Inspired by last year’s best-selling compilation CD of the same name, Dreamboats and Petticoats is the latest in a long line of jukebox musicals designed to capitalise on our seemingly endless appetite for nostalgia in general, and the 1960s in particular. And Bill Kenwright’s large scale touring production certainly pulls no punches, delivering a superb and energetic cast of actor/musicians, a song-book containing over 40 hits from the likes of Roy Orbison, The Shadows and Chuck Berry, and a script by distinguished writing team Laurence Marks and Maurice Gran (Goodnight Sweetheart, Birds of a Feather, Shine on Harvey Moon).
The programme proudly boasts that all the music and singing is live, which is sadly becoming a rarity in regional productions these days, and there is no doubting that this is where this show wins over other nostalgia pieces doing the rounds. The band are not only onstage throughout, but are also fully integrated into the show playing various roles – the saxophonist girls (Francesca Loren and Emily O'Keeffe) are breath-taking with their ability to play mean sax, whilst twisting and jiving along with the rest of the cast!
Marks and Gran’s story, such as it is, is set at St Mungo’s Youth Club ‘somewhere in Essex’ in 1961, at a time when youth were breaking away from the constraints of their parents and discovering rock-and-roll along with themselves at the local hop. Young Bobby (David Ribi) yearns for an electric guitar, to become singer for the local band, and to go out with youth club siren Sue (Katie Birtill) – his dreams ever thwarted by ultra-cocky newcomer, the ‘Presleyesque’ Norman (Ben James-Ellis). All the while specky song-writing school-girl Laura (Samantha Dorrance) worships Bobby from afar, and waits while he finds himself. After a traumatic youth club day trip to Southend-on-sea, where hormones rage and emotions run high, their love begins to blossom.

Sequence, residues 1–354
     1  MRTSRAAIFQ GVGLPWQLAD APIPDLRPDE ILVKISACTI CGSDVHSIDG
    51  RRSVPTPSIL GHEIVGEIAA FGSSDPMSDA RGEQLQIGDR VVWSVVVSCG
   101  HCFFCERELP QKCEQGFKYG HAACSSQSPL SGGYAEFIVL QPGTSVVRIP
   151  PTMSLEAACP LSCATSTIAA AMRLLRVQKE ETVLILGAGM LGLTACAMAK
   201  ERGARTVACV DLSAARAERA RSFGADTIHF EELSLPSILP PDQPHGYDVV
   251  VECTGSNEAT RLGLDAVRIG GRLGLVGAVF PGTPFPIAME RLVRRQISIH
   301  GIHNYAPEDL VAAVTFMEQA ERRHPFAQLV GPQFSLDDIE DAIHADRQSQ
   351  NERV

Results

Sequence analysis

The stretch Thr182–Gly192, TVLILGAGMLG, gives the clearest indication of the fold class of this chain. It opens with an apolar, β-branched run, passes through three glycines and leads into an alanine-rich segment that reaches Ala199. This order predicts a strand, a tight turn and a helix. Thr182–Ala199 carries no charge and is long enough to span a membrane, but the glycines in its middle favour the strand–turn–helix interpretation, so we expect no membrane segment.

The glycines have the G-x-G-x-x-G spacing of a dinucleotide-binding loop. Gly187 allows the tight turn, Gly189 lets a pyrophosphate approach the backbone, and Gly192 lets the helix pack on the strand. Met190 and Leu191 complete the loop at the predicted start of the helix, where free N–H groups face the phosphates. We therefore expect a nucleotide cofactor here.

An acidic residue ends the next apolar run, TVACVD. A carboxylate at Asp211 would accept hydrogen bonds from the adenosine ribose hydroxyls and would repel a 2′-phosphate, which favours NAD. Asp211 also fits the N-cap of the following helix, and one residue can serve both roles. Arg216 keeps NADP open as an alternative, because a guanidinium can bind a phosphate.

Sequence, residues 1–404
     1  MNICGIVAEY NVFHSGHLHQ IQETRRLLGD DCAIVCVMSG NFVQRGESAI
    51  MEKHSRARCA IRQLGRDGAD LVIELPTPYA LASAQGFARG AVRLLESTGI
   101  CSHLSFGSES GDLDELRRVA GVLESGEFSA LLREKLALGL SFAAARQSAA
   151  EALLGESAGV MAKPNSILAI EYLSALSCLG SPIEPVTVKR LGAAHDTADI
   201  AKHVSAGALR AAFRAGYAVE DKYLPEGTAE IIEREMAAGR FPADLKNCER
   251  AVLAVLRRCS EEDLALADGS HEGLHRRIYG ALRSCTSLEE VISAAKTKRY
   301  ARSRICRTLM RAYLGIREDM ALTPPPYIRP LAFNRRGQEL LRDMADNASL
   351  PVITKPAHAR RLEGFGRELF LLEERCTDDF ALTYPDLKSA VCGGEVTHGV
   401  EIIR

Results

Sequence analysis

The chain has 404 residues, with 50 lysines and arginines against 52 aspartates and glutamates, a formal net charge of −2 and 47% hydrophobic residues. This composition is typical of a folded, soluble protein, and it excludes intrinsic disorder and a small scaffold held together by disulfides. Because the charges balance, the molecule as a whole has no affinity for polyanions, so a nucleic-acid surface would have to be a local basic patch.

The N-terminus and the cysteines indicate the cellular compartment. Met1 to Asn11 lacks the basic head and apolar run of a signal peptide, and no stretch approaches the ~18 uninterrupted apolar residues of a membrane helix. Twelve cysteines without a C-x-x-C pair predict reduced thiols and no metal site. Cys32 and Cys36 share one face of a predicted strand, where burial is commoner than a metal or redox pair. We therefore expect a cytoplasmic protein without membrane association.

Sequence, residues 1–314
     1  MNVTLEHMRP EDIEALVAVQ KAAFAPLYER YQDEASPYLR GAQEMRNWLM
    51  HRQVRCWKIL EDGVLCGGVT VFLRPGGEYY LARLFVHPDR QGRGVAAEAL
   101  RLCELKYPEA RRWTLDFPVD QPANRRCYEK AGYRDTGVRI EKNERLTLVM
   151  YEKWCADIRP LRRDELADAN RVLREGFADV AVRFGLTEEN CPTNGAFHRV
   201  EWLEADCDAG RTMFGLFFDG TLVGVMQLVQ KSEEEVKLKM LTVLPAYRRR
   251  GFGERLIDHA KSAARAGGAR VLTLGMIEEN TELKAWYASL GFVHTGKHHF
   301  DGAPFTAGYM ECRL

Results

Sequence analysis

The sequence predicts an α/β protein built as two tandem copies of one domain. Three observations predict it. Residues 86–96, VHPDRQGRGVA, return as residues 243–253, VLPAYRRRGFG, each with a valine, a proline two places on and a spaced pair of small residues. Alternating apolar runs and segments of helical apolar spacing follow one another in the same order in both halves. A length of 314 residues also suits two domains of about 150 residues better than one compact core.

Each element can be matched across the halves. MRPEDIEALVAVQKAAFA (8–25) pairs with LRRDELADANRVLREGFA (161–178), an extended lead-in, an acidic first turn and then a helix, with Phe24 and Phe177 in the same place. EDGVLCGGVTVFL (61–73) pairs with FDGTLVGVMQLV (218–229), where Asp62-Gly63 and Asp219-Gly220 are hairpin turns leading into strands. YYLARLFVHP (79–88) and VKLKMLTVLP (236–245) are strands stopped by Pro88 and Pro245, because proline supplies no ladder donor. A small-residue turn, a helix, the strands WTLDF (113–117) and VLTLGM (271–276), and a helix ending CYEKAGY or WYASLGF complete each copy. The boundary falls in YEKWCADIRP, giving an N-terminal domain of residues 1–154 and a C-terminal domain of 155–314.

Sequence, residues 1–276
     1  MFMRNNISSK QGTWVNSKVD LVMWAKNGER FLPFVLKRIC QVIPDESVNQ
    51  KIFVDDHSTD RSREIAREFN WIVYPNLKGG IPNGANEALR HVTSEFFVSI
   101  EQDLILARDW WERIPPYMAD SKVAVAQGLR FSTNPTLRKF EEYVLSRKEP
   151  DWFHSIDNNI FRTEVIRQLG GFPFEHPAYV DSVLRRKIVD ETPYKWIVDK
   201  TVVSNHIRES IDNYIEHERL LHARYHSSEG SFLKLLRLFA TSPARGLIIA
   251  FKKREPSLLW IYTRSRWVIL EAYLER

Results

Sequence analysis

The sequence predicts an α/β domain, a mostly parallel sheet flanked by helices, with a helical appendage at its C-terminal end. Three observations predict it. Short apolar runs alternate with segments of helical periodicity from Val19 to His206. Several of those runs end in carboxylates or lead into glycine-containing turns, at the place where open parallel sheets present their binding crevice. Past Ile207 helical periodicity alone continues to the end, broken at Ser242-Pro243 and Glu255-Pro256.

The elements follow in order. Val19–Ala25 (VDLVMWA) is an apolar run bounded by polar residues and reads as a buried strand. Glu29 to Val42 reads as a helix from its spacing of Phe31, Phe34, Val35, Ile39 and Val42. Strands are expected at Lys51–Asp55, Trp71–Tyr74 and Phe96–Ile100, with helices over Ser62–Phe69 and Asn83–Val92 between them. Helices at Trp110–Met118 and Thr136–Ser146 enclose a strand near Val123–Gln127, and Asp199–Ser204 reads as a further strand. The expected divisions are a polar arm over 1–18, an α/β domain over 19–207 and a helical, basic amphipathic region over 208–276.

However the show does not trouble itself with too much plot, many of the lines act just to link one smash hit song to the next.
The central performances, especially those of David Ribbi and Samantha Dorrance, are exceptional. Both have fantastic, powerful singing voices, well suited to the early 60s sound. They are ably supported by James-Ellis, Katie Birtall, Josh Little (as Laura’s brother Ray) and Anna Campkin (Donna), along with a young and talented ensemble.
The affectionate and evocative setting, effected expertly by designer Sean Cavanagh, perfectly frames the nostalgia-fest, and the Southend sea front setting, complete with bumper cars / dreamboats, is inspired. Carole Todd’s energetic and authentic choreography also compliments.
But the real star of the show - and what most people must come for - is the sensational 60s music, which is lapped up by a like-minded audience. With hit after hit, including “Bobby’s Girl”, “Do You Wanna Dance?”, “Dream Lover”, “Runaround Sue”, “Only Sixteen”, “Teenager in Love”, “Let’s Twist Again” and “At the Hop”, you can barely catch breath between numbers.
In Bournemouth, as I am sure is replayed in theatres up and down the land, ladies of a certain age - who are surely old enough to know better - jig along impatiently in their seats throughout until the finale, when they are at last allowed to get up and twist in the aisles, with scarcely a thought for the inevitable slipped disks and fractured hips that will result!